At Stand Against Violence East Harlem (SAVE), a community violence intervention program, U.S. Senator Charles Schumer, U.S. Representative Adriano Espaillat.
Manhattan District Attorney-Elect Alvin Bragg and others advocated for at least $5 billion in funding for community-based violence intervention programs to be included in the Build Back Better Act. They said that communities across the country, like East Harlem, are experiencing a historic increase in gun violence, and to combat this epidemic, the federal government must invest in community violence intervention programs.
Community-based violence intervention programs apply a localized approach to gun violence prevention, identifying those at the highest risk and working to reduce violence through various targeted interventions such as job training and reentry services for formerly incarcerated people.
“Gun violence remains a crisis that takes countless lives and a toll on our communities,” said U.S. Senator Charles Schumer. “Young people—especially Black and Brown young people—are disproportionately impacted by senseless gun violence. This is a crisis that we can and must solve through federal and community-led efforts like Community Violence Intervention programs. I fought to secure $350 billion in emergency funding for state and local governments in the American Rescue Plan, and some of this funding is going to directly benefit programs that will help reduce gun violence, invest in just community policing, and support programs that are proven to reduce violence. Community-based Violence Intervention programs have been effective in New York City, and that’s why I’m fighting to secure billions of inconsistent funding in the Build Back Better Act so these programs can be strengthened and expanded.”
CVI programs have been successful in reducing violence, but increased violence in the wake of the COVID-19 pandemic calls for significant federal investment in community-based strategies to reduce homicides and shootings that disproportionately impact communities of color.
Studies have shown that community-based violence intervention programs have been successful in reducing gun violence, and providing dedicated funding for these programs is critical to stopping the violence before it ever occurs in the first place.
“New Yorkers have long demanded commonsense reform to prevent the ever-growing number of gun violence and incidents around our communities,” said Congressman Adriano Espaillat (NY-13). “Addressing the epidemic of gun violence that has exacerbated during the COVID-19 pandemic will take each of us, and the Build Back Better Act will help strengthen our localized approach to supporting programs and services to stop gun violence before it occurs. I’m proud to join Senator Schumer and community leaders today to acknowledge our collective efforts to ensure federal funding and support of community-based violence intervention programs to help keep at-risk youth off the streets and help families and our communities get back on track.”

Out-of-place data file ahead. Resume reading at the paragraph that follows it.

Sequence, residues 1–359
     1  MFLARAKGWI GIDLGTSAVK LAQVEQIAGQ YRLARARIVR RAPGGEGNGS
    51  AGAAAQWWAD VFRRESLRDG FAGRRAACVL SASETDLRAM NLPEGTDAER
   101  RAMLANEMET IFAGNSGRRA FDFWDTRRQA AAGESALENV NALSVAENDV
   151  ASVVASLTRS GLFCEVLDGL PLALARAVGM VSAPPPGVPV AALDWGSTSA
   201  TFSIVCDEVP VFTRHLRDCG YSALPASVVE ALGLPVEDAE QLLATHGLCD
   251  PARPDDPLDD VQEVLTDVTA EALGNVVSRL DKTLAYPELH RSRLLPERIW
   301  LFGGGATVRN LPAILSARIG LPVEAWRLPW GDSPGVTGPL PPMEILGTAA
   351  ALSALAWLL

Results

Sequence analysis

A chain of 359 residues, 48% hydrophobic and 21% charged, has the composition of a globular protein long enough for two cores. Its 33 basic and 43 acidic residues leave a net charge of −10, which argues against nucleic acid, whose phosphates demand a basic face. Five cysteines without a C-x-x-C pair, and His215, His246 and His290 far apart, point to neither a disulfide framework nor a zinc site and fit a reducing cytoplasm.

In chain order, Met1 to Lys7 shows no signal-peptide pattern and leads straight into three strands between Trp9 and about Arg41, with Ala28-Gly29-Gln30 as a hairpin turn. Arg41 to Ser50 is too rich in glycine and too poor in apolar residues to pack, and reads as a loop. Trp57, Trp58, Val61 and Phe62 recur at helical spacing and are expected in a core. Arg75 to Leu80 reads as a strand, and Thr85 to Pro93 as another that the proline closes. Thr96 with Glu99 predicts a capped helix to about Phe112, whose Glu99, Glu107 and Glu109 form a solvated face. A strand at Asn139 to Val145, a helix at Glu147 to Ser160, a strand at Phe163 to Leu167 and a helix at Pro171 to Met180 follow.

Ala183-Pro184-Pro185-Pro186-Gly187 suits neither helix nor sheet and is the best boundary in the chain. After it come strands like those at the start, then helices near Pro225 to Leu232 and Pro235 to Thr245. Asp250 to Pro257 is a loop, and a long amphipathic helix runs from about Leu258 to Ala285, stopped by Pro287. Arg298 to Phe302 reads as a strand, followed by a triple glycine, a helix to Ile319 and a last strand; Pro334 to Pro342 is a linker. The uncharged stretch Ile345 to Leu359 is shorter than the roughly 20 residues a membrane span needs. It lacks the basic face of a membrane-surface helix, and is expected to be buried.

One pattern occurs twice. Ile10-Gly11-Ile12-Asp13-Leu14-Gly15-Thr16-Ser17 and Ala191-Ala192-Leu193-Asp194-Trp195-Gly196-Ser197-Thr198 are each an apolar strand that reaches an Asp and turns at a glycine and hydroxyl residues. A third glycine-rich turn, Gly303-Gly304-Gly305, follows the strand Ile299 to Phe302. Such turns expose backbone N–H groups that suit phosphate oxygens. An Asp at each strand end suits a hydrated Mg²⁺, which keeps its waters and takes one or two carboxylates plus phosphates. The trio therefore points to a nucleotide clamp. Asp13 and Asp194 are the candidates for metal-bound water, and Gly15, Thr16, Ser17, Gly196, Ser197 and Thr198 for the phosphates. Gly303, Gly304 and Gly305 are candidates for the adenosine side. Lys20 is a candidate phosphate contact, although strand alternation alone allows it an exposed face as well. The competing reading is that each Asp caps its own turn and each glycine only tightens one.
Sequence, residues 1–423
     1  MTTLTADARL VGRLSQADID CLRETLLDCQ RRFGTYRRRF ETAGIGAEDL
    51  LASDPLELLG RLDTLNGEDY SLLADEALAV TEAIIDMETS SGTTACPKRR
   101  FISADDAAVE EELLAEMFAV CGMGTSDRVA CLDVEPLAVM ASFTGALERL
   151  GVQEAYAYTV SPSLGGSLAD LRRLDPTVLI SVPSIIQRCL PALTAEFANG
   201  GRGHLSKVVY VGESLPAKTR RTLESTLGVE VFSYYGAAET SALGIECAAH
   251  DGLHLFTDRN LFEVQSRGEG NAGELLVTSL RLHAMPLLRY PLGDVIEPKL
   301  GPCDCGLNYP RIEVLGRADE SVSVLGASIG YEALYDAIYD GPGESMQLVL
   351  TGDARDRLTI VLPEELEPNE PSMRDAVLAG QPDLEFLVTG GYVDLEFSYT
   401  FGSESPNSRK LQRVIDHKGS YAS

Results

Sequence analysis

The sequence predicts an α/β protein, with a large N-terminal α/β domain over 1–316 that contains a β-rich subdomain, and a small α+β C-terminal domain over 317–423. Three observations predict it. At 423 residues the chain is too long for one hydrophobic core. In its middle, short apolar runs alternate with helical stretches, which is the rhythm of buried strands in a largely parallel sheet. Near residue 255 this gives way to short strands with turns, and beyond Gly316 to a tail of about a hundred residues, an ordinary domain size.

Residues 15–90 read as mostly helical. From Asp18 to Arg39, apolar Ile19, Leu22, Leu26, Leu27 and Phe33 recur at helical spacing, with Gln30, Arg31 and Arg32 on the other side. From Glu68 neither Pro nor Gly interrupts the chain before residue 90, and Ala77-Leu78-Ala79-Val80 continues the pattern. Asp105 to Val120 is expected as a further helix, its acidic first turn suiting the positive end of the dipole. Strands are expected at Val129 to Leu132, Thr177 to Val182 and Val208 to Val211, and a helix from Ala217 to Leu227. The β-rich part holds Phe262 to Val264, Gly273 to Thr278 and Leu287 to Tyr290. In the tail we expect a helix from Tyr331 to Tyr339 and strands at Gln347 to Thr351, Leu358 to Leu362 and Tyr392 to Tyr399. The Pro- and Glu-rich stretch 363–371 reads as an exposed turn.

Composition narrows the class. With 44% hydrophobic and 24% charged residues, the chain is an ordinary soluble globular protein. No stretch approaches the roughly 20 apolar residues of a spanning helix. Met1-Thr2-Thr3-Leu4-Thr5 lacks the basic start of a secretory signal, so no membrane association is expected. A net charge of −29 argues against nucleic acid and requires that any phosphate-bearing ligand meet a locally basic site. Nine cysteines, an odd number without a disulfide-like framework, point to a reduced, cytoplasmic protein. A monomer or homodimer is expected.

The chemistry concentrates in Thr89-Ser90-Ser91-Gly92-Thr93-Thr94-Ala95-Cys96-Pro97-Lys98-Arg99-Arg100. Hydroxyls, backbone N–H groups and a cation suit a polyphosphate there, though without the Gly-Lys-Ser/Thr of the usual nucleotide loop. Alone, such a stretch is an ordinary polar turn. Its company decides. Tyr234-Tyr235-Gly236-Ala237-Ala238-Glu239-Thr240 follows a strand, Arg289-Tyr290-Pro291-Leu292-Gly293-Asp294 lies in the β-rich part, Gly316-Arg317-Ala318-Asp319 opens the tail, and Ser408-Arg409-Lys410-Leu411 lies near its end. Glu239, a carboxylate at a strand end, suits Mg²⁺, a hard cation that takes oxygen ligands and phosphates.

“It is no secret that gun violence disproportionately affects communities of color and violence and crime are often rooted in a sense of injustice and distrust of the government,” said Manhattan District Attorney-Elect Alvin Bragg. “That’s why we need community-based efforts to stop gun violence before it starts, and enforcement mechanisms targeted at what actually keeps Manhattan safe. I thank Senator Schumer and our Congressional delegation for their work to provide $5 billion in funding for community-based violence intervention programs, money that will save lives and make a real difference in our communities.”
Stand Against Violence East Harlem is committed to preventing gun violence and building a culture of non-violence, currently centering its work in and around the Thomas Jefferson, James W. Johnson, and Robert F. Wagner NYCHA Housing Developments in East Harlem.
SAVE’s work is guided by the principles of Cure Violence, a strategy that leverages the experiences of community members to do outreach, including people who have been directly affected by gun violence and “violence interrupters,” young people who have formerly engaged in high-risk activities who act as credible anti-violence messengers to prevent and reduce youth violence.
SAVE outreach workers and violence interrupters are trained to mediate conflicts on the street and work to deescalate disputes before crisis or violence erupts. Additionally, SAVE connects at-risk individuals to extensive networks that provide job training, employment opportunities, mental health services, and legal services that lead to long-term violence reduction in East Harlem.
Schumer, Espaillat, and Bragg were joined by NYS Senator Cordell Cleare, Assembly members Robert Rodriguez, Inez Dickens, and Al Taylor, and other community violence intervention programs.
Representative Espaillat is the first Dominican American to serve in the U.S. House of Representatives and his congressional district includes Harlem, East Harlem, West Harlem, Hamilton Heights, Washington Heights, Inwood, Marble Hill and the northwest Bronx. First elected to Congress in 2016, Representative Espaillat is serving his third term in Congress. Representative Espaillat currently serves as a member of the influential U.S. House Committee on Appropriations responsible for funding the federal government’s vital activities.
He is also a member of the House Committee on Education and Labor and the Congressional Hispanic Caucus (CHC), where he serves in a leadership role as the Second Vice-Chair and is a member of the Congressional Progressive Caucus, where he serves as Deputy Whip. Representative Espaillat also currently serves as a Senior Whip of the Democratic Caucus. To find out more about Rep. Espaillat, visit online at https://espaillat.house.gov/.
Photocredit: 1-2) Rep. Espaillat.